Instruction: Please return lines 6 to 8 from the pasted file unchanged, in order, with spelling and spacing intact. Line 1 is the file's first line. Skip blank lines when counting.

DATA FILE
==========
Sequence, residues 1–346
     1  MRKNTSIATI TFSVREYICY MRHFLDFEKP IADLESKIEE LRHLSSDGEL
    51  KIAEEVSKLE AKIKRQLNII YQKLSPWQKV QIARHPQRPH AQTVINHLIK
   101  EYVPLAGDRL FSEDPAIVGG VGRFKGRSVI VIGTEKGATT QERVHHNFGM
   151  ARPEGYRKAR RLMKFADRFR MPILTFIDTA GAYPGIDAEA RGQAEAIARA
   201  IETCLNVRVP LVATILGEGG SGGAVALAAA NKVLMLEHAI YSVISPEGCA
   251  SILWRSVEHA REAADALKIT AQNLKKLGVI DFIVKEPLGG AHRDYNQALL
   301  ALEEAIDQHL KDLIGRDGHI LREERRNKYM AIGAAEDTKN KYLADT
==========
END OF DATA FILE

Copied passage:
   201  IETCLNVRVP LVATILGEGG SGGAVALAAA NKVLMLEHAI YSVISPEGCA
   251  SILWRSVEHA REAADALKIT AQNLKKLGVI DFIVKEPLGG AHRDYNQALL
   301  ALEEAIDQHL KDLIGRDGHI LREERRNKYM AIGAAEDTKN KYLADT